“The ink wasn’t dry yet on their divorce papers before he was shacking up with you-know-who.”
In this sentence, there’s an idiom—“the ink wasn’t dry yet”—which does a nice job of creating a picture of a temporal event—a relatively short temporal event—by thinking of this event in terms of observable material phenomena—ink drying on paper.
One could say, “It didn’t take that many days after their divorce before he was shacking up with you-know-who,” but, in so doing, one loses the image of time as material; it lacks the bite of the previous sentence in which time is given the same oppressive materiality as an object in space.
Here’s another example:
“We’ve each said things we don’t really mean, so let’s let the dust settle and talk this over in the morning.”
Again, one could say here, “We’ve each said things we don’t really mean, so let’s wait a couple of hours and talk this over in the morning,” but, in so doing, one might lose something of the imagistic power which the idiom “let the dust settle” affords the sentence.
All of the sudden, that stretch of time becomes an object—an accumulation of dust following a confrontation—and, thus, becomes more dynamic than a reference to the passage of time through standardized time units—minutes, hours, etc.–which are decidedly more difficult to picture concretely.
The idioms in which time is pictured as an entity with its own materiality and its own objective weight on one’s experience are often powerful because they nudge one towards the intuition that time is as much a material as space (albeit a very different kind of material).
In Damon Zucconi’s Grey series, which consists of (as of right now, anyway) eight images created using a digital scanner and varying amounts of naturally-occurring dust and light leakage into the scanner, the artist invests himself in a similar experimentation with the material representation of time.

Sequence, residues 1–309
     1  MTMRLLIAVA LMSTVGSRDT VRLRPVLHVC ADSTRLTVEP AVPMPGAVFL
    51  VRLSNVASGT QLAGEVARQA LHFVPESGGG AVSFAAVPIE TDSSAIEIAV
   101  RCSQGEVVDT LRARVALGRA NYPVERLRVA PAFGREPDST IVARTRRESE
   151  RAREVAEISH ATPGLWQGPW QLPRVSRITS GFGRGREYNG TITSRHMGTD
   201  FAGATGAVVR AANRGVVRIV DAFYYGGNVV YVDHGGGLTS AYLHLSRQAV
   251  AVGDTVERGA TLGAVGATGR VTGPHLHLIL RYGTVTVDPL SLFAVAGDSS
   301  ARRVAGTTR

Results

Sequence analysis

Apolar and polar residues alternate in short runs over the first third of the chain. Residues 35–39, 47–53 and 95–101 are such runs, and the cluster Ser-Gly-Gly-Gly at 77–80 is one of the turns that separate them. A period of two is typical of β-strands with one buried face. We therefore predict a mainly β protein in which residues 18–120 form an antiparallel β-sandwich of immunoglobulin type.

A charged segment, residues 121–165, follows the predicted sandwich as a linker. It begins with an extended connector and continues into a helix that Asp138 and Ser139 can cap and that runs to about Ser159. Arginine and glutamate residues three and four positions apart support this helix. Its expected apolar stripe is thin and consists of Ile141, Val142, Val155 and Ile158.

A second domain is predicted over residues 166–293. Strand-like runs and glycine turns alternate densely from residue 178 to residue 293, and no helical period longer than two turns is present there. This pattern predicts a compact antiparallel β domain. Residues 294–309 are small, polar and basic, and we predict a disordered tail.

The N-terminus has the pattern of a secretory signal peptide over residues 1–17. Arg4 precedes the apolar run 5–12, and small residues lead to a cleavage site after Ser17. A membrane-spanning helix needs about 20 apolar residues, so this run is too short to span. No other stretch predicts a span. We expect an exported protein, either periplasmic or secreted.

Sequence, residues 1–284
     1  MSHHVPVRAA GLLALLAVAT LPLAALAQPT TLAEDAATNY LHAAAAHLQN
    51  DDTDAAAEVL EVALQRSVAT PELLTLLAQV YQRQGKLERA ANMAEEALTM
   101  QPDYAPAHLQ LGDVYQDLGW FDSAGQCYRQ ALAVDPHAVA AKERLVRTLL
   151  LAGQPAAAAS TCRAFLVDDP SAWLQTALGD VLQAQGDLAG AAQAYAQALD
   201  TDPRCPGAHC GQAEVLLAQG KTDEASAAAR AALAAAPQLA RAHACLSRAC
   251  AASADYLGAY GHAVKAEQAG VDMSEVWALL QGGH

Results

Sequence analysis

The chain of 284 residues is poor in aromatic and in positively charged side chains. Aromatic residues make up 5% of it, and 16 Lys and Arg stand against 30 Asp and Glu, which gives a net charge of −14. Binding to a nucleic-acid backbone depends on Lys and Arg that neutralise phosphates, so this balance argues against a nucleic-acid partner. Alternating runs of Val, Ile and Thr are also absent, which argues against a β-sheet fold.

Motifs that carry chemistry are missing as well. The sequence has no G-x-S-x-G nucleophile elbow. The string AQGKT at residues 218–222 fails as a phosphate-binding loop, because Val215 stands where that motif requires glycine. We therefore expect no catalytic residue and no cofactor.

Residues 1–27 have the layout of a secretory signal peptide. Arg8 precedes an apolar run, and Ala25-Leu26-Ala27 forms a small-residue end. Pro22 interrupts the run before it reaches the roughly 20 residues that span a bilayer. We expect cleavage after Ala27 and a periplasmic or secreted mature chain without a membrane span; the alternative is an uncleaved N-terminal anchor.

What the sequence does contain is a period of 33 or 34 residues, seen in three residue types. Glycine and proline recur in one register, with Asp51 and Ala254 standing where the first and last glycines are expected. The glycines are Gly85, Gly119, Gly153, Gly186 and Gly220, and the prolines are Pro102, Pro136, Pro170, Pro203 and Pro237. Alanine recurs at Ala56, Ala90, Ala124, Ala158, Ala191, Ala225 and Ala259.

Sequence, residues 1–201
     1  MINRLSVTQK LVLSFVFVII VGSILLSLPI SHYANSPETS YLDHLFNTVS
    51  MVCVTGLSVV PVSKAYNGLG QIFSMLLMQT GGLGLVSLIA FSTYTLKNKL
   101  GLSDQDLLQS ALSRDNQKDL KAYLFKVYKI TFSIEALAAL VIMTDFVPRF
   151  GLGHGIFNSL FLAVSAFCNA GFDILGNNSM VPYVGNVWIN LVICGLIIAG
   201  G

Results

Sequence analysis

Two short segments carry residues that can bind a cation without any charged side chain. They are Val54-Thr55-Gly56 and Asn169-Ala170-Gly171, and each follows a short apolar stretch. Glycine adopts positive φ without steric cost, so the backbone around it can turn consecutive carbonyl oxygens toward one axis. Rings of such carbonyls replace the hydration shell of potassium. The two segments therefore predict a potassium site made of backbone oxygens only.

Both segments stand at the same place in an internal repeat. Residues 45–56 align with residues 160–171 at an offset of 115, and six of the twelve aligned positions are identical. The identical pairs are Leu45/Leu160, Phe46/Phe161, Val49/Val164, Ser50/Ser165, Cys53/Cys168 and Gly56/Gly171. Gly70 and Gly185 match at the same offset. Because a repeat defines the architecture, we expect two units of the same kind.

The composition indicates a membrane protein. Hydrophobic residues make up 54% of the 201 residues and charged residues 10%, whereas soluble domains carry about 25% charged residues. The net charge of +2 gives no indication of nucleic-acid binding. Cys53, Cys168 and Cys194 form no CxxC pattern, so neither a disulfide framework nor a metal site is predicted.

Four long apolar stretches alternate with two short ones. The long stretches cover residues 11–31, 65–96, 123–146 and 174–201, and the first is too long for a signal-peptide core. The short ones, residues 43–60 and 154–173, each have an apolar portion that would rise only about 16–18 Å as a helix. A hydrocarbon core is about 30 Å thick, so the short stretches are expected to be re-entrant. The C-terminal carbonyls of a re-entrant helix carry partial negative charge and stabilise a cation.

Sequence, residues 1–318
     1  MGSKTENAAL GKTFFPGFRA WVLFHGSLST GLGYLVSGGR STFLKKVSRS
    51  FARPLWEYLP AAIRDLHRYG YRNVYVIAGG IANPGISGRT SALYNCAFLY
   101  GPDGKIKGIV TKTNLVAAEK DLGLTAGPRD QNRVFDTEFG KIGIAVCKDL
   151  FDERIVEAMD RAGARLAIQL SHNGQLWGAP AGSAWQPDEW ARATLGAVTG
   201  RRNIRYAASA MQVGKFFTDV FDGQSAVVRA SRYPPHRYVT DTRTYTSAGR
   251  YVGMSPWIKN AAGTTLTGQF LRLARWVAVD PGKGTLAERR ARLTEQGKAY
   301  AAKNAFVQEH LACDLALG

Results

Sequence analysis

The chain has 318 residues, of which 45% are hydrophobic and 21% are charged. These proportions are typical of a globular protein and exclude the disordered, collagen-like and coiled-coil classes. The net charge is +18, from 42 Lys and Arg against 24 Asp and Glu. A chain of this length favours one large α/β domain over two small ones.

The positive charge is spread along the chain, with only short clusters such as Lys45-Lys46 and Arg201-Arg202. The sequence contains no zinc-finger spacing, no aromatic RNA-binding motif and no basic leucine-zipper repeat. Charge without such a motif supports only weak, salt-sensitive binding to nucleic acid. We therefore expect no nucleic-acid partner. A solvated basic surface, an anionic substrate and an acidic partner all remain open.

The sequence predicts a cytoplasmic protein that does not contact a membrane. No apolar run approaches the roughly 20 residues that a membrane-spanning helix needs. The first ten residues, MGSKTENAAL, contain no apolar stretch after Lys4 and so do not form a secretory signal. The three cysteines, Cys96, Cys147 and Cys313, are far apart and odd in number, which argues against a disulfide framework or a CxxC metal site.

As viewed through his website, he presents, to begin with, a series of four images composed of dark shades of grey, accented by bursts of horizontal white bars, and pools of off-white specks that remind one of the scratches, hairs, and other noise of poorly preserved celluloid films.
In the fifth instance of the series, one views a similarly dark grey field which, likewise, contains traces of light leakage and dust and, then, an additional bright burst of orange/tan (almost fleshy) light which extends vertically in the upper right corner of the work.
In the following two instances of the series, a dark grey to black field is crossed by a series of rhythmically ordered straight horizontal lines of varying colors.
And, then, in the most recent instance of the series, one views another dark grey to black field upon whose entire right edge bursts a bright white streak of (almost cosmic) light whose own inner edge is a shade of bright green.
Now all that said, in each of these instances, one views the varied constellations of formal elements just mentioned—yes–but one also views something else—a unique picture of materialized time.
One views the changing amounts of dust and light recorded in each particular image which, in turn, are records of particular lengths of time.
Each formal variation here is due to an experimentation with time—whether it be the amount of time allotted to accumulate dust on the bed of the scanner or the amount of time allotted to accumulate light flares of varying degrees of strength.
Thus, as one reflects on a given formal element in the work, one is nudged towards reflecting on the time which each of these elements records.